The first time I saw Amy, I thought, “Oh, that girl is trouble. I need to meet her.” We worked together, so meeting her was easy. Making friends was even easier.
I was right. Amy is trouble. She’s beautiful, she’s smart, she’s funny, and I have had men drop doors shut on me in their haste to follow her out of them. She is devilishly delightful, wickedly witty, and when I needed to summon all of my energy and focus it into action, it was Amy I channeled to get the job done. This is a woman who knows how to get the job done.
Amy works as an analyst in the fashion industry, living the glamorous life of a working mom in Manhattan, is teaching herself to play guitar, and is perfectly suited to Jane Austen novels. Amy is my Lobster, so I could go on and on telling my version of her story, but I want you to meet her personally, so let’s see what she has to say for herself.
Who are you?
I’m the woman who gets side-eyed a lot. I’m the mother who had kids so
young she had to grow up with them. I’m the occasional wife. I’m the
financial analyst who is most comfortable in jeans and bare feet doing
something earthy. I’m the eclectic chick who pays attention to the
phases of the moon and grows her own vegetables.
Describe your family:
My family consists of my 12-year-old, my 4-year-old, my boyfriend, and our cat. We are a team. We laugh together and cry together and get cranky with each other. We are wildly different in personality but we try to use that to our advantage and avoid stepping on toes as much as possible.
What does the first hour of your day look like?
The first hour of my day is often the best. I’m a morning person. I love
to stretch and sprawl across the bed and snuggle the boyfriend for a good 15 minutes before climbing down (loft bed, wood ladder, surprisingly easy to fall at 6 am). I shower (or not), futz around, make up, futz around, put dinner in the crock pot (or not), write in my journal, futz around, hop on the subway and about 90 minutes from my alarm’s first chime, I’m walking into work.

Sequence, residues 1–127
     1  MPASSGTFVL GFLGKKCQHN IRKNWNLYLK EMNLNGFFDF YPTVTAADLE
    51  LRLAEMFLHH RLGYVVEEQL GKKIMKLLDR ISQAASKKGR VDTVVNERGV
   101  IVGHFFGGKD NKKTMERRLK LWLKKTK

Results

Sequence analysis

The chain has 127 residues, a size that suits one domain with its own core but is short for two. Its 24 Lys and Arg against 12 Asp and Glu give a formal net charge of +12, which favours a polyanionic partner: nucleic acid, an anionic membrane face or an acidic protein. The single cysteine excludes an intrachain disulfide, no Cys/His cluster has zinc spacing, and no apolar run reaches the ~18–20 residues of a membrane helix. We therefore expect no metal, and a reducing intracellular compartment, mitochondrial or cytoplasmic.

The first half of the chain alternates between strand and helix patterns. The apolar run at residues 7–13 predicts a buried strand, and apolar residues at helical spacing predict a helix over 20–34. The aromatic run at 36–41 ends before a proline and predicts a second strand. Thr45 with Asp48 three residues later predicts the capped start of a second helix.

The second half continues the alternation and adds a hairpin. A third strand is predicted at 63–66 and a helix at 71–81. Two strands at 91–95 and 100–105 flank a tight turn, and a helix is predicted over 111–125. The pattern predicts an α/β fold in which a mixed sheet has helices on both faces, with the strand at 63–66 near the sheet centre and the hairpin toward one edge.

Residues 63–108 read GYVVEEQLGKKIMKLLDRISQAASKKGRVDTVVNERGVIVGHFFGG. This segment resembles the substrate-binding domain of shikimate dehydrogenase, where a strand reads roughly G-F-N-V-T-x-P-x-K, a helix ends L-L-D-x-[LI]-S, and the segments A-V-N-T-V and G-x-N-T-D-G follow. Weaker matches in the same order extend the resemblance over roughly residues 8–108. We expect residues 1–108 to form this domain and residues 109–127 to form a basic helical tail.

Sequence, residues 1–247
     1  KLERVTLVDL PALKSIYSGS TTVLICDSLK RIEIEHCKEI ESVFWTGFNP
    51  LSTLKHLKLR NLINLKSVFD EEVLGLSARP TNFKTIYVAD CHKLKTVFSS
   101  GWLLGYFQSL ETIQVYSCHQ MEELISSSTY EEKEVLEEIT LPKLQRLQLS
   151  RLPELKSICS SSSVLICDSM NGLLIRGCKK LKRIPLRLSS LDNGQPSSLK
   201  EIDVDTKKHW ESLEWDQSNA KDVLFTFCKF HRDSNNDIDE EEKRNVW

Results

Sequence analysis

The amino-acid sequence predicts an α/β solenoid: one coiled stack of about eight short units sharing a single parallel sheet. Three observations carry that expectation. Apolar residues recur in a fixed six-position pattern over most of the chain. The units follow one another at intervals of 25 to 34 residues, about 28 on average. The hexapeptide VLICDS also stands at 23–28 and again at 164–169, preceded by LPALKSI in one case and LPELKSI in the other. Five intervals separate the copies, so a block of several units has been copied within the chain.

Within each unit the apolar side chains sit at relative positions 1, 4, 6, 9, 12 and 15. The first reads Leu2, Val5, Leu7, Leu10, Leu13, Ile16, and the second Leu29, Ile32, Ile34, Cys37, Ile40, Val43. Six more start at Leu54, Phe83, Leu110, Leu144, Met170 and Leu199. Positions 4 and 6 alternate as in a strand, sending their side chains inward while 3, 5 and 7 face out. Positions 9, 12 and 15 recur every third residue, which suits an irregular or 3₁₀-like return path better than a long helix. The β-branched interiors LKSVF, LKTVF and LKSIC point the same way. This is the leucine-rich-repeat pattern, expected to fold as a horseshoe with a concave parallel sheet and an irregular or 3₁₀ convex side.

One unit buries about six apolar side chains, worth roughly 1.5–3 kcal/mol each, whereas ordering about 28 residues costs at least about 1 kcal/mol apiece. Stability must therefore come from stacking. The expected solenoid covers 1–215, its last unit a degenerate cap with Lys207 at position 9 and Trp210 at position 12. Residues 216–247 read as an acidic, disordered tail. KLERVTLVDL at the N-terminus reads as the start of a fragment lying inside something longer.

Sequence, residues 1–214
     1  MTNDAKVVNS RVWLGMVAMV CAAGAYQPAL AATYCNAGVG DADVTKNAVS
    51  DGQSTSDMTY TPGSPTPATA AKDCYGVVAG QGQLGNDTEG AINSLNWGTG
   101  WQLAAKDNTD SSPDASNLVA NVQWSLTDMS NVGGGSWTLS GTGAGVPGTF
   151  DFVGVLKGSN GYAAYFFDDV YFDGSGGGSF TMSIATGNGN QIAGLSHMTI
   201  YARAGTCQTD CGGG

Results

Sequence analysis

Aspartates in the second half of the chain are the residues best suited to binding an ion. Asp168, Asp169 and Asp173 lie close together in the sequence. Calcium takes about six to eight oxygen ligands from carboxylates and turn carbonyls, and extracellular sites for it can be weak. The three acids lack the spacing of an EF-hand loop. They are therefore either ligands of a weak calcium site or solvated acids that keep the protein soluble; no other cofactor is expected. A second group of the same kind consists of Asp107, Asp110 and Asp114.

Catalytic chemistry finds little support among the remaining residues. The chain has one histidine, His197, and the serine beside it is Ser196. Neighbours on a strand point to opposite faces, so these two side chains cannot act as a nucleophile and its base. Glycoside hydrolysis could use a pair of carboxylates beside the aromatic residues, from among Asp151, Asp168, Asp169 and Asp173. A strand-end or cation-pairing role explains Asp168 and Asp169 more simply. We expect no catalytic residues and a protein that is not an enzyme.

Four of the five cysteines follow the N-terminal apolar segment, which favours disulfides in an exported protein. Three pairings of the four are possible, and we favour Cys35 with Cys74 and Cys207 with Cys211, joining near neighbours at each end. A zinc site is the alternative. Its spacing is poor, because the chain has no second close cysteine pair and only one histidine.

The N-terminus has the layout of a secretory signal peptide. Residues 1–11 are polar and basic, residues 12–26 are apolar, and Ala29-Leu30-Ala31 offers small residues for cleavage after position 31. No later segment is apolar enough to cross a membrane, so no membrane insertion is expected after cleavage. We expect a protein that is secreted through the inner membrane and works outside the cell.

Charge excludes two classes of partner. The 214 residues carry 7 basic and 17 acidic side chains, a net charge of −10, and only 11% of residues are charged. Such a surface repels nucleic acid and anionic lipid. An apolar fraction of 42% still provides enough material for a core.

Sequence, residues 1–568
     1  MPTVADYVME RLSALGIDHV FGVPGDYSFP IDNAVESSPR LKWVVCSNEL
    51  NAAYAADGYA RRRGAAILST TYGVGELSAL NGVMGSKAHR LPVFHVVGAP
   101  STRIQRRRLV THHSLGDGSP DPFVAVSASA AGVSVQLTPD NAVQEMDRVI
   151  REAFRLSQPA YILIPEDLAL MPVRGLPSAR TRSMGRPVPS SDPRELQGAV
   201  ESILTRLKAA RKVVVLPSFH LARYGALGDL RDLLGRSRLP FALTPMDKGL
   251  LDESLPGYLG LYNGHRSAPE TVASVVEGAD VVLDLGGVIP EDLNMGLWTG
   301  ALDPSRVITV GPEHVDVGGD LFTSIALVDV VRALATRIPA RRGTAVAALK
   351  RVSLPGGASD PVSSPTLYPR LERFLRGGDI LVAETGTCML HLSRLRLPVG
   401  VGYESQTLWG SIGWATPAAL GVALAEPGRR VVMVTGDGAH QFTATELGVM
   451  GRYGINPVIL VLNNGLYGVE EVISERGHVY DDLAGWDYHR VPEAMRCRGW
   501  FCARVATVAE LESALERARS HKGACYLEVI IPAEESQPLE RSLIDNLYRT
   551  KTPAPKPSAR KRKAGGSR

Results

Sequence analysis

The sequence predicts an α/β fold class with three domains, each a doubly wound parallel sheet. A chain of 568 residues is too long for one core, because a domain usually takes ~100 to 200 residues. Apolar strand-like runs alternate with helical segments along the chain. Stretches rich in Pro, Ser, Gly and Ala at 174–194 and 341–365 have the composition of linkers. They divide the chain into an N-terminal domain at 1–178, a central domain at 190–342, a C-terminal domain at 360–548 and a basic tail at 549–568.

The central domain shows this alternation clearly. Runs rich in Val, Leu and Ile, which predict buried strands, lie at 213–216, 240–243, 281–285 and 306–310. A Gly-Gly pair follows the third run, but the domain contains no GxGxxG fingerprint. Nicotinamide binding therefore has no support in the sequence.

The last hour?
The last hour gets sloppy. I’m not a night person. I’m usually reading,
with a glass of wine in hand; if not I’m chatting online with a friend,
with a glass of wine in hand.
What makes you feel successful?
Mastering something. When I can truly wrap my mind around something, take it in and digest it, explain it to someone else without having to reference another source, I feel like I’ve accomplished something.
What brings you joy?
Obvious things bring me joy: my children laughing, flowers, fall leaves,
unexpected gifts, good music. Absurd things also bring me joy: when my daughter calls her elbow her “elmo,” street performers who have no
talent but a lot of heart, witty sarcasm well delivered, getting lost
while on vacation, the word godzundheit.
What women do you admire?
I admire women who have the courage to do what they feel is right for
them. I admire Eleanor Roosevelt (but that’s a boring answer because
everybody admires Eleanor). I admire Walladah al-Mustakfi, 11th century Spanish poet who lived life her own way and stared down the critics. I admire my sister Heidi who managed full-time nursing school with a full time job and two kids at home because she had the courage to face down 2 really hard years in order to enjoy the rest. I admire my BFF because she stood for her principles when they were unpopular and held her head high no matter how they tried to humble her.
What advice would you give boys about girls?
I would tell a boy that a girl can seem tricky when she’s changing her
mood or laughing when she’s sad and crying when she’s happy but that’s
the beauty of women. Don’t criticize the differences, embrace them.
How do you overcome adversity?
I overcome adversity by glaring at it until it wilts and if that doesn’t
work I charge at it until it swerves first and if that doesn’t work I
tear it to the ground one piece at a time. I’m not exactly suave.
How do you want to be remembered?
I want to be remembered as… the woman who gets side-eyed a lot, the
mother who had kids so young she had to grow up with them, the
occasional wife, the financial analyst who is most comfortable in jeans
and bare feet doing something earthy, the eclectic chick who pays
attention to the phases of the moon and grows her own vegetables.
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